89th American Meteorological Society Annual Meeting

Monday, 12 January 2009: 4:30 PM
Predictability of coastal weather and its implications to ensemble forecasting
Room 126A (Phoenix Convention Center)
Darko Koracin, DRI, Reno, NV; and R. Vellore, J. Lewis, and M. Kaplan
Poster PDF (757.4 kB)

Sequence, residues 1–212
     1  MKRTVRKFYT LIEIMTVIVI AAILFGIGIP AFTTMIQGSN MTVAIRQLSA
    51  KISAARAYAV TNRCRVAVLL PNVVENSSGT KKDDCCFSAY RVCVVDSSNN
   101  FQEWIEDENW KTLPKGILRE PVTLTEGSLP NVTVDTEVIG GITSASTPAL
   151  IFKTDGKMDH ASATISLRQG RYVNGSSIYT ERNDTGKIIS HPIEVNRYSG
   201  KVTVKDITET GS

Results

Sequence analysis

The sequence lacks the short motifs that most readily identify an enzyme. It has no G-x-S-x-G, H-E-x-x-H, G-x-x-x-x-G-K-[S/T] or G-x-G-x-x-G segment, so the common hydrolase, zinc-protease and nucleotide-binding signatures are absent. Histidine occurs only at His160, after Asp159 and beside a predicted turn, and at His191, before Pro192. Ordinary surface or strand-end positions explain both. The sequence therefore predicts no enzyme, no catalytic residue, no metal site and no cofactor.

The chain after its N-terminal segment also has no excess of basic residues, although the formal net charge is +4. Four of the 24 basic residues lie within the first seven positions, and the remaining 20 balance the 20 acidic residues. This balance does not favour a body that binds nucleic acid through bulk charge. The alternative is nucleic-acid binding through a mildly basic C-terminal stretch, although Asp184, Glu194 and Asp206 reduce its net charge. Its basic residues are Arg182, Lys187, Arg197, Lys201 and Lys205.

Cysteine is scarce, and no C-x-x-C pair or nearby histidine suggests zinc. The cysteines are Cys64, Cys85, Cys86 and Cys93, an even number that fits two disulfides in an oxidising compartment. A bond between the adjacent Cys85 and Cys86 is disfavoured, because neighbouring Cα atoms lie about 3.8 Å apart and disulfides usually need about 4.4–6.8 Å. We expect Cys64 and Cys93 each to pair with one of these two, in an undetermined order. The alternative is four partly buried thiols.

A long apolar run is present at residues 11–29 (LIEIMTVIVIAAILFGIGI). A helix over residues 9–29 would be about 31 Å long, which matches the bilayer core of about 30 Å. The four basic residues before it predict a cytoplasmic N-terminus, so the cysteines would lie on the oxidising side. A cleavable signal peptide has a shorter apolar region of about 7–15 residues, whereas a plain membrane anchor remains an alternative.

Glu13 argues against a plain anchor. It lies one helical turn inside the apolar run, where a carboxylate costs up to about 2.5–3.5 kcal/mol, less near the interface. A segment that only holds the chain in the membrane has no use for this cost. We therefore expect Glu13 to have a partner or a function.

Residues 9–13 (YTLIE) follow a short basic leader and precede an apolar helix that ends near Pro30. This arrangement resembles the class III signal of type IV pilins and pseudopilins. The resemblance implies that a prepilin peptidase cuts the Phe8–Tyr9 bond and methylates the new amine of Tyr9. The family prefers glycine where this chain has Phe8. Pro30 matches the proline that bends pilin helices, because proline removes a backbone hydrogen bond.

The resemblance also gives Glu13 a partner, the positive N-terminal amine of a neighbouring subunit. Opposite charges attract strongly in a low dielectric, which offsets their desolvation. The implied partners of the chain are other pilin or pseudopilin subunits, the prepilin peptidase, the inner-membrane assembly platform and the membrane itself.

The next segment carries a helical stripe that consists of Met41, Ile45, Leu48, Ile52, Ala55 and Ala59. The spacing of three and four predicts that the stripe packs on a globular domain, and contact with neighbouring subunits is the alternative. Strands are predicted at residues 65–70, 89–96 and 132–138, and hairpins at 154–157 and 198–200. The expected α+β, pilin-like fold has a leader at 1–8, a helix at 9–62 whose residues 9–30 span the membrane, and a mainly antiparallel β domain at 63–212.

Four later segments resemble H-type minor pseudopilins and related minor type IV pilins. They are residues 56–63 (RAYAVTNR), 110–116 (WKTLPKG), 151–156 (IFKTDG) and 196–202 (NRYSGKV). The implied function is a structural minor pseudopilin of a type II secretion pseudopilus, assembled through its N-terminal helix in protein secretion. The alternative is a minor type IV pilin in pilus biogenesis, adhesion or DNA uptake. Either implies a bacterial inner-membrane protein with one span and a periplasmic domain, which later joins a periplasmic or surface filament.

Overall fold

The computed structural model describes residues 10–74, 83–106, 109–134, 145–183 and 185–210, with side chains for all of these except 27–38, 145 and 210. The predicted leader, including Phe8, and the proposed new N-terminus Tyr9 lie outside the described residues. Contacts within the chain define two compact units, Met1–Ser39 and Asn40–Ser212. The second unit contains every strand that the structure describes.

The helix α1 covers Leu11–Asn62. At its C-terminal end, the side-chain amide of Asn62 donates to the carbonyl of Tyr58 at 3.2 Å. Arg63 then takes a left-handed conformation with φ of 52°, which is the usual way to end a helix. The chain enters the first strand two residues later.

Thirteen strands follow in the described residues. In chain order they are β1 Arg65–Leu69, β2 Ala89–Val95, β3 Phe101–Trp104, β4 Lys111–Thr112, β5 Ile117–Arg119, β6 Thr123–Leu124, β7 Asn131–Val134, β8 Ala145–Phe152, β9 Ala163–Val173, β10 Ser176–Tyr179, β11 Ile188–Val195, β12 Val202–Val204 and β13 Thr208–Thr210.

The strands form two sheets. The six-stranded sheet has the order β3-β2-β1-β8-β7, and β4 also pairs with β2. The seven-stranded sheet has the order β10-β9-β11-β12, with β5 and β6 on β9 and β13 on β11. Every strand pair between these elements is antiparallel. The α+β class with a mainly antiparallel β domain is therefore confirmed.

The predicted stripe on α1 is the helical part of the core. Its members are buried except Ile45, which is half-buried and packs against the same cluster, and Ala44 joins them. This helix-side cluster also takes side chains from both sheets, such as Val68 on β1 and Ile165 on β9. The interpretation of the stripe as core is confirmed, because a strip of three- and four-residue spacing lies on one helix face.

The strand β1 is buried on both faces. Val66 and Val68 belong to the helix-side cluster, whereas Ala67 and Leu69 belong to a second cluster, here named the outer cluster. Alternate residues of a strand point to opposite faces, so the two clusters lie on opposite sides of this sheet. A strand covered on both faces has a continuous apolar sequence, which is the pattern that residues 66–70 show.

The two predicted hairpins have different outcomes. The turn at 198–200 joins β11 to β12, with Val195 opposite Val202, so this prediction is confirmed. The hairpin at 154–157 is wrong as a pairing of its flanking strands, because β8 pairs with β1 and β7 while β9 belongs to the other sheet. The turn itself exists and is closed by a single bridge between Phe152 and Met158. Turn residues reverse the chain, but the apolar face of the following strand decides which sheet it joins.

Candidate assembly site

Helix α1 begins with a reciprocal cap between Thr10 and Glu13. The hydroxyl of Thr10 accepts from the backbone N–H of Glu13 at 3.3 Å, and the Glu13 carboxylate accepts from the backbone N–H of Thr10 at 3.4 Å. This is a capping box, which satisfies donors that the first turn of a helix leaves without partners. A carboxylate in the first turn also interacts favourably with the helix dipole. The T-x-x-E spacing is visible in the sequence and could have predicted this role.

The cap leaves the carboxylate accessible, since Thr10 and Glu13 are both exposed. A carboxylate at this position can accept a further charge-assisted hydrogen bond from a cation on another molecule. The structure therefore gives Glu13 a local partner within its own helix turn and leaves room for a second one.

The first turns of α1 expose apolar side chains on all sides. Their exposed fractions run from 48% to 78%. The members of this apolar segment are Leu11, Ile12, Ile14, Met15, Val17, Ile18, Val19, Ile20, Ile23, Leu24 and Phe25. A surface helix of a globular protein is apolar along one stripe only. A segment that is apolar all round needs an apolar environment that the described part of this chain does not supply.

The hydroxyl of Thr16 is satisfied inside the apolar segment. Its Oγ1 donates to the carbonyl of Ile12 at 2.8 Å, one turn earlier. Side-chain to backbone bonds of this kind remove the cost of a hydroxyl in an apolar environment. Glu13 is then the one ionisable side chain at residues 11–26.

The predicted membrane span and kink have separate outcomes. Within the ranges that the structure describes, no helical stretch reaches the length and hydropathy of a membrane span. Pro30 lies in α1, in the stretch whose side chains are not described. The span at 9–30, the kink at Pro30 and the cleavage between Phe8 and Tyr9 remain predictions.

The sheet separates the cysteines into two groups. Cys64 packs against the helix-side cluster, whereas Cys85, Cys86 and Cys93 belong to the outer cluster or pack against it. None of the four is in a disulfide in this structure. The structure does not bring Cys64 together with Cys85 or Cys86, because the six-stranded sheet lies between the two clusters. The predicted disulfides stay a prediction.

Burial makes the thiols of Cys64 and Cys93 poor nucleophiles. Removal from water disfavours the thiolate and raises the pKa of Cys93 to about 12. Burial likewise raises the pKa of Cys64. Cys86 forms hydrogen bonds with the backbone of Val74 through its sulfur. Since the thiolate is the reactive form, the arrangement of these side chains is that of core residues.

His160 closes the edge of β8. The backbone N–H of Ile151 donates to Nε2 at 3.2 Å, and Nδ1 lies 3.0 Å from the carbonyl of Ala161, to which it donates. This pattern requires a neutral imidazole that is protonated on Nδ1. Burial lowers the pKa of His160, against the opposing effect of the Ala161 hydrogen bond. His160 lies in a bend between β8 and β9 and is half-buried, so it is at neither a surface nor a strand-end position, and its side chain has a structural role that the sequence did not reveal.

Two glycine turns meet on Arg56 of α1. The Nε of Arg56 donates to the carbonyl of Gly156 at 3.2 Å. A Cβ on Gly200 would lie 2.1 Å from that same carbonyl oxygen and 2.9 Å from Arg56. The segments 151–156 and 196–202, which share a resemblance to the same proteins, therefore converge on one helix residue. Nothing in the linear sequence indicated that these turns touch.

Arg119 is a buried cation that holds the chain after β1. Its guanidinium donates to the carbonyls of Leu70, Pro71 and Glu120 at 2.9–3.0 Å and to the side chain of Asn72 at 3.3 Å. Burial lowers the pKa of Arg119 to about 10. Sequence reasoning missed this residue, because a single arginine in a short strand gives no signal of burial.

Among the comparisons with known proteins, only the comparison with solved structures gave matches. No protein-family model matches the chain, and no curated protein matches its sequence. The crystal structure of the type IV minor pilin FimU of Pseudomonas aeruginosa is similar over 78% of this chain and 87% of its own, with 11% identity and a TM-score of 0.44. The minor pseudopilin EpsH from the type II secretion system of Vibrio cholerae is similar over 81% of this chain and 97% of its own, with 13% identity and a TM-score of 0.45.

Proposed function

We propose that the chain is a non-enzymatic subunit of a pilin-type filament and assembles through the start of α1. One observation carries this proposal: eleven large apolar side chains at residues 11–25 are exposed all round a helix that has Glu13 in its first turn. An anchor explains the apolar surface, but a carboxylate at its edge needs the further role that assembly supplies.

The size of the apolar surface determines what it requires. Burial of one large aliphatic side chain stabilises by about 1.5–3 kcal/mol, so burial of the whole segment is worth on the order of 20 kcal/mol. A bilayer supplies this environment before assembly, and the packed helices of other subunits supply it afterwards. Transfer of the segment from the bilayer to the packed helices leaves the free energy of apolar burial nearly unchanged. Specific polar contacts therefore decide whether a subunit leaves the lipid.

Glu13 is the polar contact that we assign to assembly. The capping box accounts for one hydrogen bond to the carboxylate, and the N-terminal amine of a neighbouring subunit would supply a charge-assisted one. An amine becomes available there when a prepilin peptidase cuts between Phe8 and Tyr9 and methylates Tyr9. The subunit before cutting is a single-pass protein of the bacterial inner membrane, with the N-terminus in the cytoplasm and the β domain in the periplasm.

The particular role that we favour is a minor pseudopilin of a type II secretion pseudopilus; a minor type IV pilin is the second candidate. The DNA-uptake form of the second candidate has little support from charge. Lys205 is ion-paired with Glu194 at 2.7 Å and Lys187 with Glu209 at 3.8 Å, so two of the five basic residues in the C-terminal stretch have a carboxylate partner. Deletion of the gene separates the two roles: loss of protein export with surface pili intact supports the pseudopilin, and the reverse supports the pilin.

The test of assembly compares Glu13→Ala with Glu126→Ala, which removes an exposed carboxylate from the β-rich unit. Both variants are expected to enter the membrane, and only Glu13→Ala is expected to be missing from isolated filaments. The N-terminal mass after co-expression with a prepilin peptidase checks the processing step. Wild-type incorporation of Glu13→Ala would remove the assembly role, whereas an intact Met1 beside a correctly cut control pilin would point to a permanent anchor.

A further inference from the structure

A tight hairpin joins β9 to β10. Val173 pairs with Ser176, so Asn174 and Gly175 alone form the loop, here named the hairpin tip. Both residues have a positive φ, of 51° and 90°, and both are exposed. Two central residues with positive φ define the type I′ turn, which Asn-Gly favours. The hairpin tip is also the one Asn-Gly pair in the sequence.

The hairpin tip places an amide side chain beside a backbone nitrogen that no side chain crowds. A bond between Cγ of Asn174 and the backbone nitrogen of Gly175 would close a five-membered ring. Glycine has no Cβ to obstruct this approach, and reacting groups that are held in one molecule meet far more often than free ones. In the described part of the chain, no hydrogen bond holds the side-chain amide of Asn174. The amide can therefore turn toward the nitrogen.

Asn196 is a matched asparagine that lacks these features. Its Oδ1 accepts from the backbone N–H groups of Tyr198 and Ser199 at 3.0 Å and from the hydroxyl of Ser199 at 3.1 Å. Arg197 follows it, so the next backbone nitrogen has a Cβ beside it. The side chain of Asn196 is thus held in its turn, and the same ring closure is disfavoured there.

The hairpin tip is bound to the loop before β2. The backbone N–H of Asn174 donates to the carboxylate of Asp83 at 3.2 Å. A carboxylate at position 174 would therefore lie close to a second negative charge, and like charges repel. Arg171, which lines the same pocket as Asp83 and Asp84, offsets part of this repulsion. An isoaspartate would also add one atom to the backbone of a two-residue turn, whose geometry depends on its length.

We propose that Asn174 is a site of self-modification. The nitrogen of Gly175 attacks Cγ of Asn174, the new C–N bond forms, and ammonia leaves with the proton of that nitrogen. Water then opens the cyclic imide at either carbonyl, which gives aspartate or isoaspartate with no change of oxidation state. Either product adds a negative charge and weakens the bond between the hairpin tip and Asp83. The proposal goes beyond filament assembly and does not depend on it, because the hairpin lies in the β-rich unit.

Mesoscale simulations of storm systems over the western U.S. have been conducted using the Weather and Research Forecasting (WRF) model. Composite correlation matrices have been created using the model results and corresponding re-analysis fields. The matrices indicate that there are large discrepancies between forecasts and analysis in the coastal region of southern California. These discrepancies are especially pronounced in cases of extreme precipitation over the Sierra Nevada mountains. Since the storm systems generally move in from the northwest, west, and southwest, the uncertainties and errors in the initial conditions over this coastal region lead to poor forecasts in the western U.S. A method has been developed to identify those problematical areas where the WRF model exhibits poor forecasts. The error growth of the model is calculated as a function of the forecast lead time. These statistics are used to develop a perturbation strategy, i.e., a method to create an ensemble of initial conditions that can be used to construct an ensemble forecast. To clarify the relative importance of initial conditions and physical parameterizations, ensemble forecasts are made in two modes: (1) altering initial conditions only, and (2) altering parameterizations only. The probability density functions of forecasted precipitation over the Sierra Nevada mountains for both regimes, i.e., for ensemble generated from initial conditions and parameterizations separately, are examined in an effort to clarify the relative importance of the initial analysis and parameterizations in ensemble forecasts.

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